Review: Narcosis – Trapped in the Depths of the Sea

If you’ve ever wondered what it feels like to dive into the deep, dark depths of the sea, or even what deep-sea divers experience in uncharted waters, then Narcosis gives you the chance to experience that, and the horrors that come with it.

Narcosis review, screen 1

Narcosis is an underwater psychological horror game developed and published by Honor Code Inc. You’ll unravel a mystery deep down in the Pacific Ocean while trying to survive in this uninhabitable environment.

The story is narrated via live interview over the radio as you, one of a group of deep-sea divers, is trapped in a half ton suit while exploring the depths. You’ll come across the dead bodies of your crew while you explore the workstations in order to make your way to the escape pod. You learn how they met their end through little scenes that play out when you come into contact with their bodies. The tools at your disposal throughout this underwater nightmare are backward and forward thrusters, a knife and flares. The thrusters of your diving suit help you leap between platforms and avoid falling to your doom in deep crevices. Your objective? Make your way to the only escape pod available while maintaining the oxygen levels of your diving suit, and fighting sea creatures such as squids and flesh-eating fish with your knife.

Narcosis review, screen 2

You swipe at the squid or fish with your knife, and if it’s not timed correctly both the fish and squid attach themselves to you and seem to sap your blood. Your attacks are slow, sluggish even, but this is to be expected under water. Among those sea creatures are also spider crabs which you cannot fight and must avoid. You have to either preoccupy them with the flares at your disposal then sneak past, or hide out of sight until they pass by. One wrong move and their hardened legs crack your face-shield, causing you to drown. The flares also serve to help light your way through the dark passes of the ocean floor.

Narcosis review, screen 3

The game’s developers did a good job making the game realistic. You have to constantly refuel your oxygen tank by replacing it when you come across other oxygen tanks, or via refueling devices as your progress through the game. Any extra movement such as using the thrusters too often results in depleting your oxygen faster and suffocating yourself, much as it would happen in real life. Your oxygen also depletes rapidly as you start breathing heavier and quicker when you come into contact with your dead crew members, which you need to do in order to identify them. This plays into the theme of realism as any average person would freak out at the sight of a dead body, which would in turn cause their breathing to quicken and use more oxygen. Now imagine that happening if you were alone, with no noise but the creepy sounds of the ocean and its creatures to accompany you.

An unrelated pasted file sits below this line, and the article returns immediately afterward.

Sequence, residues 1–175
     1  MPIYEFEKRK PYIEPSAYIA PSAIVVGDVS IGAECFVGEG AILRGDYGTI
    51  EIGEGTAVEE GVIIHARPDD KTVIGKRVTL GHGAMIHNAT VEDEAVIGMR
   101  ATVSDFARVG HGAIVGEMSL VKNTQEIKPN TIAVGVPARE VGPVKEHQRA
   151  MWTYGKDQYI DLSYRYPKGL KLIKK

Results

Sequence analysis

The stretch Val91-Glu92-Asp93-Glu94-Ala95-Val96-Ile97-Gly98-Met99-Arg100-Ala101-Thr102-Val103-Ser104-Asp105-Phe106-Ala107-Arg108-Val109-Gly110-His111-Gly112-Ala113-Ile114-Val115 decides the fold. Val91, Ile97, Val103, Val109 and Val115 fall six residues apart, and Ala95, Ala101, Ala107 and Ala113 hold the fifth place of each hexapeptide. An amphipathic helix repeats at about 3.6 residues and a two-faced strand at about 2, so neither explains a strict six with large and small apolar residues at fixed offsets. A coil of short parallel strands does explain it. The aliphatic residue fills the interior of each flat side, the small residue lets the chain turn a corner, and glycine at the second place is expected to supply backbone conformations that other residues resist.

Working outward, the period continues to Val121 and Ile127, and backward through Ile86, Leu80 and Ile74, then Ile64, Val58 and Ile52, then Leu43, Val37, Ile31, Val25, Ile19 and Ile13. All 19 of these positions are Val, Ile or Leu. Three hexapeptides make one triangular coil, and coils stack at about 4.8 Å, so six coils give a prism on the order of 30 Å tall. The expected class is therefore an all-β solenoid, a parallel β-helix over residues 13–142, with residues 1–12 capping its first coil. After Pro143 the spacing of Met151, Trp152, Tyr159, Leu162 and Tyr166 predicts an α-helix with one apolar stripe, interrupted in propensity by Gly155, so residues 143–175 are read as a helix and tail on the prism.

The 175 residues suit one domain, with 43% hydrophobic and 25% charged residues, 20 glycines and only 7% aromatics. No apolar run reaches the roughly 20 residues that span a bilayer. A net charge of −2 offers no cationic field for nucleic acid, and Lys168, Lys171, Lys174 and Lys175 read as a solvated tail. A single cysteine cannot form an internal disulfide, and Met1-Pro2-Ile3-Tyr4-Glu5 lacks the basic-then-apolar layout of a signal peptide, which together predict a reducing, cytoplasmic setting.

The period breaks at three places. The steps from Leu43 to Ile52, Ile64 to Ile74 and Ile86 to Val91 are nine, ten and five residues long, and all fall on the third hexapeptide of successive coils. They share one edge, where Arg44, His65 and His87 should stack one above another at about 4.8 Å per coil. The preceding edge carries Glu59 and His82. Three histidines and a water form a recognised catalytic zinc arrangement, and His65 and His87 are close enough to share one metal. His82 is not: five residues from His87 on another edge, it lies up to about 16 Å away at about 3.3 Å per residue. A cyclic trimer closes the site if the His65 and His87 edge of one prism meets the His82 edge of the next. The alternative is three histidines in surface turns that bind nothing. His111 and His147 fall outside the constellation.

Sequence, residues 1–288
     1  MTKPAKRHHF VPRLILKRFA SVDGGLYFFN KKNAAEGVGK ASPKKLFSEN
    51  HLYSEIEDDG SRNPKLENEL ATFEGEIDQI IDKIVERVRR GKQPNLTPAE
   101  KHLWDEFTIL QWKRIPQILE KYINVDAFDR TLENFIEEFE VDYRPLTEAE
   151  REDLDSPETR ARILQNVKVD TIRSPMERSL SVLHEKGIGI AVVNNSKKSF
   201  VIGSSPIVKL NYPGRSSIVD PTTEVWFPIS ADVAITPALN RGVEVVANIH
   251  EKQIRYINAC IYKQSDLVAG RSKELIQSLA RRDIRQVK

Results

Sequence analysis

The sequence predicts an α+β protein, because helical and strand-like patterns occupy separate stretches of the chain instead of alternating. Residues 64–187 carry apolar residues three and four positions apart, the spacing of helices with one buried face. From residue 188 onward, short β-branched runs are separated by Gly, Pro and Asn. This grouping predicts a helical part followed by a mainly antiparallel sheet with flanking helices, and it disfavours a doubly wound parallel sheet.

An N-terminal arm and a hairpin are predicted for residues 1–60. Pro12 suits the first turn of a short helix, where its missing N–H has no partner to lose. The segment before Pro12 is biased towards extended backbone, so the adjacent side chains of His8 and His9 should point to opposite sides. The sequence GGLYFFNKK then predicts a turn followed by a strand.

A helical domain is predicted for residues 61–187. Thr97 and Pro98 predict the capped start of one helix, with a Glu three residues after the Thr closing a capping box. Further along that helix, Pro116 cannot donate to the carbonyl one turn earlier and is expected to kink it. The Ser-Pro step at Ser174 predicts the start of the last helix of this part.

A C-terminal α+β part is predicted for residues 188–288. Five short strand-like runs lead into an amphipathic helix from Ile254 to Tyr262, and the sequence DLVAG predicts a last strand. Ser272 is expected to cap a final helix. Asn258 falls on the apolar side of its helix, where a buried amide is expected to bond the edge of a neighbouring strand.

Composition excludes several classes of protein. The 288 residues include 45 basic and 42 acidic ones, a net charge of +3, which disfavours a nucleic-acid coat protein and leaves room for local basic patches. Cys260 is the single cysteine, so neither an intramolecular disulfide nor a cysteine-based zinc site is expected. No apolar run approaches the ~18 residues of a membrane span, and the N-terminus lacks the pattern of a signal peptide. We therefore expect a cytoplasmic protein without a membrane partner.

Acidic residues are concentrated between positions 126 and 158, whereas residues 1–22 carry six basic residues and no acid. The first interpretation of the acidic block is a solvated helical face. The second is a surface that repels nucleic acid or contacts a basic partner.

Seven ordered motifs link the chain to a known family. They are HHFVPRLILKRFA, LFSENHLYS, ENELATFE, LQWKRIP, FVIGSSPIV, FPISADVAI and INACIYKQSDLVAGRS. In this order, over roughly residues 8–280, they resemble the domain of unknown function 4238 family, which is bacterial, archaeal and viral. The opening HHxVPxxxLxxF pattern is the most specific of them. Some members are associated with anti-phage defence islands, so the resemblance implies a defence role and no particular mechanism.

Narcosis review, screen 4

Aside from your own breathing and the spine chilling noises the creatures of the sea make, everything is dead silent. This element of the game makes you feel as though you really are the deep-sea diver in the game with every breath he takes. There were some aspects, however, that could have been better.

Although the story was incredible and the developers did their part in incorporating realism, they could have done a few things differently in Narcosis. For one, they could have added more sea animals or creatures. Not necessarily enemies you need to fend off, but just more aquatic animals in general. The ocean is home to thousands, if not millions of species of animals, and while sea life dwindles further down in the sea, there should have been more variety for the sake of the game. Another tweak I think the developers should have done was amp up the sound effects when coming into contact with the dead crew members. In other words, I think developers should have increased the sound when something sudden would occur in the game. The only exception for making the game so quiet is if the developer wanted to keep the game as realistic as possible, which seems to be the case for Narcosis.

Narcosis review, screen 5

For example, there is one instance in the game when you’re walking towards the dead body of a crew member and his face suddenly fills your screen, but it’s quiet and not scary. The face of the dead crew member should have filled your screen with a high pitch sound or sudden boost in the sound, as it might happen in movies. I know Narcosis is supposed to be a psychological horror game, but if developers had increased the sound during instances such as that, it would have been a little scarier.

Overall I liked the game. The game does well to help players experience what it’s like to explore the ocean as deep-sea divers would. Most importantly, Narcosis keeps you absorbed throughout the game and makes you want to stick with it until the end.

Sai reviewed Narcosis on Steam with a code provided by the developer.

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